[show abstract][hide abstract] ABSTRACT: Ventricular tachyarrhythmia is the leading cause of sudden cardiac death, and scroll wave re-entry is known to underlie this condition. Class III antiarrhythmic drugs are commonly used worldwide to treat ventricular tachyarrhythmias; however, these drugs have a proarrhythmic adverse effect and can cause Torsade de Pointes or ventricular fibrillation. Transmural dispersion of repolarization (TDR) has been suggested to be a strong indicator of ventricular tachyarrhythmia induction. However, the role of TDR during sustained scroll wave re-entry is poorly understood. The purpose of the present study was to investigate how TDR affects scroll wave behavior and to provide a novel analysis of the mechanisms that sustain tachyarrhythmias, using computer simulations.
Computer simulations were carried out to quantify the TDR and QT interval under a variety of I(Ks) and I(Kr) during transmural conduction. Simulated scroll wave re-entries were done under a variety of I(Ks) and I(Kr) in a ventricular wall slab model, and the scroll wave behavior and the filament dynamics (3-dimensional organizing center) were analyzed. A slight increase in TDR, but not in the QT interval, reflected antiarrhythmic properties resulting from the restraint of scroll wave breakup, whereas a marked increase in TDR was proarrhythmic, as a result of scroll wave breakup.
The TDR determines the sustainment of ventricular tachyarrhythmias, through control of the scroll wave filament dynamics.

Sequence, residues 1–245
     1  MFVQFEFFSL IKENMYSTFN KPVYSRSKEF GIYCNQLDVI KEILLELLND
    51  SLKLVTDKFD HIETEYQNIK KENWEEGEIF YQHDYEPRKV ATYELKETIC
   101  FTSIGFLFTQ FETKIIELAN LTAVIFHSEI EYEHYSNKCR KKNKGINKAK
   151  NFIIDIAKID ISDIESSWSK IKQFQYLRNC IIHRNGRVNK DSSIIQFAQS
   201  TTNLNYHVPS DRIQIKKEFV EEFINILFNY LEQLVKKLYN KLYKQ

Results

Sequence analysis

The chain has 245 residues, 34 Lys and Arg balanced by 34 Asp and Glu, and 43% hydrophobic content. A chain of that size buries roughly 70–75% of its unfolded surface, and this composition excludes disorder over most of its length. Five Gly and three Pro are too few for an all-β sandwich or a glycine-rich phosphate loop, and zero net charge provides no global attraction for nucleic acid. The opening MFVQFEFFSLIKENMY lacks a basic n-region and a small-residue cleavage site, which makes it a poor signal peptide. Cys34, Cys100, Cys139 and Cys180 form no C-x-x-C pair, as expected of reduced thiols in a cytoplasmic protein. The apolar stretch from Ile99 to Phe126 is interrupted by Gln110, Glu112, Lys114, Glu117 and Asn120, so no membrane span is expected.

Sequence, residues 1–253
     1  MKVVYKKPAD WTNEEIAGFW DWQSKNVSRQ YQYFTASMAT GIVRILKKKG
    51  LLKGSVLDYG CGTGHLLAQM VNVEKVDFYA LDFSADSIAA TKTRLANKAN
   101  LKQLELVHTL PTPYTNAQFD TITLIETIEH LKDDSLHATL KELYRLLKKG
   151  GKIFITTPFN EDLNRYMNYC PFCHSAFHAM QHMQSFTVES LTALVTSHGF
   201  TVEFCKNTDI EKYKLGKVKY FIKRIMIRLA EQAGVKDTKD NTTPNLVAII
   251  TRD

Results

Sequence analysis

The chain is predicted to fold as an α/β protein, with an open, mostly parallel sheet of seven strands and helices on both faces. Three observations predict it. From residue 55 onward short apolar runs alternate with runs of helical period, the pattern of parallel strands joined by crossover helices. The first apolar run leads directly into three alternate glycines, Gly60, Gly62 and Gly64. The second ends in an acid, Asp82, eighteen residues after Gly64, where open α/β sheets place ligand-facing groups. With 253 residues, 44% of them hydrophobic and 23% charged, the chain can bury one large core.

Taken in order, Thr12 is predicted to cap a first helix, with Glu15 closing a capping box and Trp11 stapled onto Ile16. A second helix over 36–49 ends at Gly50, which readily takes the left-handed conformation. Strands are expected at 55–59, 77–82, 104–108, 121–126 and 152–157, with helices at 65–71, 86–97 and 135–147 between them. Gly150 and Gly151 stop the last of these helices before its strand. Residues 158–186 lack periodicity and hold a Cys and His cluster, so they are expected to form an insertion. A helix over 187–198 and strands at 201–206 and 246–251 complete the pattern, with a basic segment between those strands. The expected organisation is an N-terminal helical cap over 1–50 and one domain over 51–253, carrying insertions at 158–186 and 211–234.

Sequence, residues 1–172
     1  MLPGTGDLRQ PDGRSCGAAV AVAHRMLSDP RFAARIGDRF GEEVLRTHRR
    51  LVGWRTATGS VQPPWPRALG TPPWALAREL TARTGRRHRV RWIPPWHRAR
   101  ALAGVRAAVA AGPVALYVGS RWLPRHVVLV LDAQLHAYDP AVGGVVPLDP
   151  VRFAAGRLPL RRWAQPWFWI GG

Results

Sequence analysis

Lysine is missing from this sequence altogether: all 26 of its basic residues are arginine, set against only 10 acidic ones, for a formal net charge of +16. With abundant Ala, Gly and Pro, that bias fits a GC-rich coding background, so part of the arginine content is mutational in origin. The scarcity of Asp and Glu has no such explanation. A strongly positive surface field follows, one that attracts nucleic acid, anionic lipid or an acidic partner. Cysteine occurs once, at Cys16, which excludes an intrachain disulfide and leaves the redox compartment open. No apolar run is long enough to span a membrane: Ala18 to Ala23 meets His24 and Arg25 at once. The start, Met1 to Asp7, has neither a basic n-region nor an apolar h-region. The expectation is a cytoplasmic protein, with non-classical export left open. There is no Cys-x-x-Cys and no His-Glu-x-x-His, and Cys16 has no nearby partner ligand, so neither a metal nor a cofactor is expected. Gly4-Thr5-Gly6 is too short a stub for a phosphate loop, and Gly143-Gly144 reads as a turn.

[show abstract][hide abstract] ABSTRACT: Atrial fibrillation (AF) is a common arrhythmia frequently associated with hypertension. This study was designed to test the hypothesis that lowering blood pressure by angiotensin II-receptor blockers (ARB) has more beneficial effects than by conventional calcium channel blockers (CCB) on the frequency of paroxysmal AF with hypertension.
The Japanese Rhythm Management Trial II for Atrial Fibrillation (J-RHYTHM II study) is an open-label randomized comparison between an ARB (candesartan) and a CCB (amlodipine) in the treatment of paroxysmal AF associated with hypertension. Using daily transtelephonic monitoring, we examined asymptomatic and symptomatic paroxysmal AF episodes during a maximum 1 year treatment. The primary endpoint was the difference in AF frequency between the pre-treatment period and the final month of the follow-up. The secondary endpoints included cardiovascular events, development of persistent AF, left atrial dimension, and quality-of-life (QOL). The study enrolled 318 patients (66 years, male/female 219/99, 158 in the ARB group and 160 in the CCB group) treated at 48 sites throughout Japan. At baseline, the frequency of AF episodes (days/month) was 3.8 ± 5.0 in the ARB group vs. 4.8 ± 6.3 in the CCB group (not significant). During the follow-up, blood pressure was significantly lower in the CCB group than in the ARB group (P < 0.001). The AF frequency decreased similarly in both groups, and there was no significant difference in the primary endpoint between the two groups. There were no significant differences between the two groups in the development of persistent AF, changes in left atrial dimension, occurrence of cardiovascular events, or changes in QOL.
In patients with paroxysmal AF and hypertension, treatment of hypertension by candesartan did not have an advantage over amlodipine in the reduction in the frequency of paroxysmal AF (umin CTR C000000427).